Taylor has written to secretary of state James Brokenshire questioning both the inspector’s decision, and the implications of the case for the government’s policy on PD rights liberalisation. "It shows the whole framework needs to be reviewed," he said. POS chair Mike Kiely said it represented the "perfect illustration" of the "inhumane" units being allowed under expanded PD rights, adding that he "regularly" saw plans for flats of just 13 square metres submitted to local authorities for prior approval.

The scheme is not thought to be the first PD scheme to feature flats without windows. Plans to convert a storage and distribution building in Hutton Gardens in Barnet, north London, into 11 flats were referenced in the appeal documents for the Watford scheme. The application, which received prior approval in May 2016, included at least one flat without windows, according to drawings lodged on the London Borough of Barnet’s planning portal. Another prior approval application in Barnet, submitted in May, proposes converting an office in Moxon Street into 107 apartments, 56 of which do not appear to have external windows. Bennett said he had heard of similar examples.

Dr Ben Clifford, senior lecturer at University College London's Bartlett School of Planning, said he had seen plans, while researching a study into the quality of PD conversion homes, for a flat with just one window, in the living room, leaving a windowless bedroom with no natural light. Henry Smith, policy manager at the Town and Country Planning Association, which is campaigning against residential PD rights, said the trade body had seen similar examples, such as a two-bed flat planned in Bournemouth with just one "tiny" window. "This is a moral issue," he said. "People’s safety and well-being is being compromised by the use of permitted development."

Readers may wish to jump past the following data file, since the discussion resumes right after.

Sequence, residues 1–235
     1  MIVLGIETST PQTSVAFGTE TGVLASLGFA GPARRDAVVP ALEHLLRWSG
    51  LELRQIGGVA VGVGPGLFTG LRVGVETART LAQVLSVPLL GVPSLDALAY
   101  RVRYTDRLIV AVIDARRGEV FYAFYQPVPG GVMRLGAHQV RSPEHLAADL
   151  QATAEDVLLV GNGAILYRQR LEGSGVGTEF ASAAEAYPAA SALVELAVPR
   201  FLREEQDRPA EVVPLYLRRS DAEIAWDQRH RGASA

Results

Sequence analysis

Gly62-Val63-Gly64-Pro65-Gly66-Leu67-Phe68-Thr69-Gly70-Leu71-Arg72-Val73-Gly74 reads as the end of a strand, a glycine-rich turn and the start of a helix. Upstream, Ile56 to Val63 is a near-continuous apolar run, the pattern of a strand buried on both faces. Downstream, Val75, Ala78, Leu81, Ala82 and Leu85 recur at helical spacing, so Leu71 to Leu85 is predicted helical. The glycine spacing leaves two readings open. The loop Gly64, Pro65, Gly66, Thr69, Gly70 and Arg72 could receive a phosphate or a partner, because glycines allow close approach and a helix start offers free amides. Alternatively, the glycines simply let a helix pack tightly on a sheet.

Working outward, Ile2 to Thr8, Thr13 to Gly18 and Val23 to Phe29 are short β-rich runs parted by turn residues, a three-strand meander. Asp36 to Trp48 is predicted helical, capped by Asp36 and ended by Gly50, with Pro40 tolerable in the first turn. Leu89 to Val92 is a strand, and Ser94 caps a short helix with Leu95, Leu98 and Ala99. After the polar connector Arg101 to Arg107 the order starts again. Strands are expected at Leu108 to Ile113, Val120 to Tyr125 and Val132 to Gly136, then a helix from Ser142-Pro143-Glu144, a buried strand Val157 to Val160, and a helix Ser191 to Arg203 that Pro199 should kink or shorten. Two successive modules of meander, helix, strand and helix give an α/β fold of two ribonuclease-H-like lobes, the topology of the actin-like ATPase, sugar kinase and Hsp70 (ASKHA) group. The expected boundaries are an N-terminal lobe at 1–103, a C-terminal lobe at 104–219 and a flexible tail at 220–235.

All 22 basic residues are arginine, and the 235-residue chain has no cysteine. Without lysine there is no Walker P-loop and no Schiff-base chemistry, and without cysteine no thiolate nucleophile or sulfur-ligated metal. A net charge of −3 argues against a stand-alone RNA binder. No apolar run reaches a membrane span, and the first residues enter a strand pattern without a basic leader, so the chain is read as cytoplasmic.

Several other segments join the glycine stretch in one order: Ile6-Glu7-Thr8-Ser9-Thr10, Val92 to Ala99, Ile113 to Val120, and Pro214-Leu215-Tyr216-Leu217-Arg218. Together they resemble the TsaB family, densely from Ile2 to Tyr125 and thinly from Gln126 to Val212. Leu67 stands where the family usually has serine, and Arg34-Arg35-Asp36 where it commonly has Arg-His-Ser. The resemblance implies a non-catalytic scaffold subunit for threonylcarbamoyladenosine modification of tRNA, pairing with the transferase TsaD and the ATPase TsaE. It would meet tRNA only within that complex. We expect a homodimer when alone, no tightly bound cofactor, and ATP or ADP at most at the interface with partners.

While there is no government planning policy mandating the provision of windows in residential developments, Clifford said it was inconceivable that flats without windows would be approved through the normal planning process. Typically, local plans contain policies stipulating "adequate" or "sufficient" provision of daylight for habitable rooms in residential buildings. Clifford said: "With planning permission you’d consider whether the scheme was of adequate quality – there’d be a way to refuse something like this, no doubt."

Taylor said the council is now looking at other options to prevent the scheme being built out or occupied, including building regulations provisions. Barry Turner, director of technical policy at membership body Local Authority Building Control, said building regulations contained no stipulations about daylight, but did require the provision of adequate ventilation and means of escape from fire. "If the developer intends to build it out, we’ll look at what other legal avenues we have to stop it," added Taylor.

Campaigners on this issue hope the Watford case will feed into the review of the quality of PD rights housing announced by Brokenshire in the Spring Statement. A housing ministry spokeswoman said the review is expected to report before the end of the year. Taylor said: "There’s a power imbalance between developers and local authorities at the moment. You’ve got to question how we arrived here."

Neither CR2 Planning nor the Watford scheme architect, HK Architecture + Design, responded to requests for comment for this piece, or to requests for contact details for ISE Investments.